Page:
Golden State Payday: Californians Get Second Taxpayer Stimulus Starting Friday

Close up of a California Golden State stimulus check with envelope for $600, given out to qualifying taxpayers as part of the California COVID-19 relief program.

(The Center Square) – Many Californians are waking up to more money in their bank accounts today. 

Friday marks the second installment of California’s Golden State Stimulus, a nearly $12 billion tax rebate program paid for by the state’s unexpected budget surplus. 

Taxpayers making $75,000 or less that didn’t get the first round of stimulus funding should expect $600. Taxpayers who made less than $75,000 with one or more dependents can expect $1,000. 

In addition, the state said qualified families who file with a Social Security Number with one or more dependents are eligible to receive an additional $500. 

“The Golden State Stimulus is key to lifting up those hit hardest by the pandemic and supporting California’s economic recovery, putting money directly in the hands of folks who will spend it on basic needs and within their local communities,” Gov. Gavin Newsom said in a release.

The first round of stimulus checks went out in the early spring of 2021. Taxpayers making less than $75,000 received $600, and those who made less than $30,000 received $1,200.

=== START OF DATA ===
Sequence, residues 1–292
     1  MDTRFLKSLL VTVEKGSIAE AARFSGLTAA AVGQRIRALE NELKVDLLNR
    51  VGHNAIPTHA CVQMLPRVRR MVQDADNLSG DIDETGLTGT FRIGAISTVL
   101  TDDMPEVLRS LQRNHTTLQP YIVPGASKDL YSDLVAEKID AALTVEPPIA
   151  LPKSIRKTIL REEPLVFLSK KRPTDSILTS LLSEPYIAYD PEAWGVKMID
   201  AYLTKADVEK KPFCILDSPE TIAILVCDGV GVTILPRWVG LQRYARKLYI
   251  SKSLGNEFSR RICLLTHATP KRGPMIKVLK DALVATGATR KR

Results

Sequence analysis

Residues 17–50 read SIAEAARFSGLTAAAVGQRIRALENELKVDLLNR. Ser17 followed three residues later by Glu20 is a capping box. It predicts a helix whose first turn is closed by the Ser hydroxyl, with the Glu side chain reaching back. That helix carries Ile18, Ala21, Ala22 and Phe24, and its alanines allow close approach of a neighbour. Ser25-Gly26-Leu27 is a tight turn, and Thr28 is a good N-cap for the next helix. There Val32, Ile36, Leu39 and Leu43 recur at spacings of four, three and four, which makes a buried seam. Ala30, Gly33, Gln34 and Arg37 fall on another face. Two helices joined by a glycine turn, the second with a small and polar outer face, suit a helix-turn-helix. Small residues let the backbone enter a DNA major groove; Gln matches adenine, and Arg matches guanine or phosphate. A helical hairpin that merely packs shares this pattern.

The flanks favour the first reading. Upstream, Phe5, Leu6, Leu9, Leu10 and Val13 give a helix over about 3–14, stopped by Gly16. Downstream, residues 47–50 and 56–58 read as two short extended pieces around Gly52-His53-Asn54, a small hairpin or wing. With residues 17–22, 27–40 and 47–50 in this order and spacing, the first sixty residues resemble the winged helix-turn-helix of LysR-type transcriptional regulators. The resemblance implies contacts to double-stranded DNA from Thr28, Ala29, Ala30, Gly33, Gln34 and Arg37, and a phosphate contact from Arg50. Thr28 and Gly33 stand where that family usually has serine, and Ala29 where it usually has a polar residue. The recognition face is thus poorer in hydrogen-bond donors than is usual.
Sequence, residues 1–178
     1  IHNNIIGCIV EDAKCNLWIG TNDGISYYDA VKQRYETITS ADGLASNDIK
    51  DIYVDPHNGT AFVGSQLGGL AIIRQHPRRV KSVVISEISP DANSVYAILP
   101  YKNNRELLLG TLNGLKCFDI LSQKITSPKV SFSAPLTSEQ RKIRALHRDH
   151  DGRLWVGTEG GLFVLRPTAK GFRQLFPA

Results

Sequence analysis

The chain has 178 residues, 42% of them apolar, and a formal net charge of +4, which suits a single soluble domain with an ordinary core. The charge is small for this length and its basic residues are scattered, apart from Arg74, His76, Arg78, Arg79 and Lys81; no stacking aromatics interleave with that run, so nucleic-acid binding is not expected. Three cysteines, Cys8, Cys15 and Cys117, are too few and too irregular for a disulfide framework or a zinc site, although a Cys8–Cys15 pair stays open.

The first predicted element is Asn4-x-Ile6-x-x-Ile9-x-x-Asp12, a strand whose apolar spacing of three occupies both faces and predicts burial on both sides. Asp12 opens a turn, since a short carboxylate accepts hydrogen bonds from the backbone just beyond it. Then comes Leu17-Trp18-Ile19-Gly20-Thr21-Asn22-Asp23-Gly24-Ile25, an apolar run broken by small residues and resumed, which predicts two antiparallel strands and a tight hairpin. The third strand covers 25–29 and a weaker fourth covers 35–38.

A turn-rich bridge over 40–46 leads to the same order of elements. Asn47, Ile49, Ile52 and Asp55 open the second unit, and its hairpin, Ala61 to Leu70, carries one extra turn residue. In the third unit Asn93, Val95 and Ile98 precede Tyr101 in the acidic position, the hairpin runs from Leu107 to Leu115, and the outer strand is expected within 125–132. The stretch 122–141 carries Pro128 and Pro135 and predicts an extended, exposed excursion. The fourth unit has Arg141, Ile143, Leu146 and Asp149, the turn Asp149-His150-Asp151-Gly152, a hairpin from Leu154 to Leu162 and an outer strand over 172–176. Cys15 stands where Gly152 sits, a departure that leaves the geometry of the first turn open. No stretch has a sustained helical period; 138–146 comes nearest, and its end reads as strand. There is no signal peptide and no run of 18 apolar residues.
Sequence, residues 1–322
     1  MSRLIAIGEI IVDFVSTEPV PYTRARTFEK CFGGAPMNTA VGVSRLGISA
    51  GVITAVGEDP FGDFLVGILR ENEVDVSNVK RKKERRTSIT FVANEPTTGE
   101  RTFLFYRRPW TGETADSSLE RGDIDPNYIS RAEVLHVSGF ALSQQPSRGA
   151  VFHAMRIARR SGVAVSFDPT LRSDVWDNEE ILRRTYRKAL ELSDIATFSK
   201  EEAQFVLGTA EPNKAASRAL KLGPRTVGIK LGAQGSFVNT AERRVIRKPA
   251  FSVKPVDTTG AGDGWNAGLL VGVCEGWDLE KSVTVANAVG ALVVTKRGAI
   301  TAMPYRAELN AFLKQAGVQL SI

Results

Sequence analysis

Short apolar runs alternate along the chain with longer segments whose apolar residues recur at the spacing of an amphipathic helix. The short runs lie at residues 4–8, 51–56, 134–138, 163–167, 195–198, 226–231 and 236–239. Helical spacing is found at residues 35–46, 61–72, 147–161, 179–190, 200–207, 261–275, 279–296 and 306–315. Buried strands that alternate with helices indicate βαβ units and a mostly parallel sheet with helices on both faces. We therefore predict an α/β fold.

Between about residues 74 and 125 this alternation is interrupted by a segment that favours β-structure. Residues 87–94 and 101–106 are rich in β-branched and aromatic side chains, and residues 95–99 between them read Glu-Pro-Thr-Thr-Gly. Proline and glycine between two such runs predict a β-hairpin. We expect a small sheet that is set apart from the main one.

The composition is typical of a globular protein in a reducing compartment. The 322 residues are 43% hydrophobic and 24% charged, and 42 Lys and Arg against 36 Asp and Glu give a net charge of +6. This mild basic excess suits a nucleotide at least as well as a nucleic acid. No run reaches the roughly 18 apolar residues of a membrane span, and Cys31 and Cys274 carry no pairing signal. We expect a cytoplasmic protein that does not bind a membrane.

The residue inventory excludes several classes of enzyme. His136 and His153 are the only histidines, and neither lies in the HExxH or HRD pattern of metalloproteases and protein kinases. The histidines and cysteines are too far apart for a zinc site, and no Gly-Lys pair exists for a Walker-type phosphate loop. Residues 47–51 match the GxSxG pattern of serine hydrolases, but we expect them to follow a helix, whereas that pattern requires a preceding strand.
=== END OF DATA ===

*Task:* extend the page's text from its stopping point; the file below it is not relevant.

The Legislature approved Newsom’s proposal for an enhanced payment round in June. 

The boost in state funding came from a combination of federal COVID-19 aid and higher-than-expected income tax revenue.

California’s income tax revenue is progressive, relying more on high-earning workers who were largely able to maintain employment from home in 2020 to the surprise of state officials who were expecting a major revenue downfall. 

The stimulus comes at an advantageous time for Newsom, who is fighting for his political career in a recall effort that’s seeing energized Republicans approaching the likely voter numbers of Democrats, who outnumber registered GOP voters two-to-one. 

The recall election is Sept. 14, but ballots were mailed out earlier in August. 

Republicans criticized Newsom at the time for deciding to spend the budget surplus instead of paying down the state’s estimated $167 billion in unfunded pension liabilities. California’s total state and local pension debt top $1 trillion when estimated at market value, as estimated by pensiontracker.org.

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